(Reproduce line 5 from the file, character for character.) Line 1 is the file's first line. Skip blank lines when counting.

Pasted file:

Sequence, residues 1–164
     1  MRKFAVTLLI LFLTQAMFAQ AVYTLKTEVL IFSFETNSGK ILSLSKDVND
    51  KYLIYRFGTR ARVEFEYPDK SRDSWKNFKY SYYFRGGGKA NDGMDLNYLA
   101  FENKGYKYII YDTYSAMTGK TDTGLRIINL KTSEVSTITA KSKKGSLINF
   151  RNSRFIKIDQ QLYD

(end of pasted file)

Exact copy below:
   151  RNSRFIKIDQ QLYD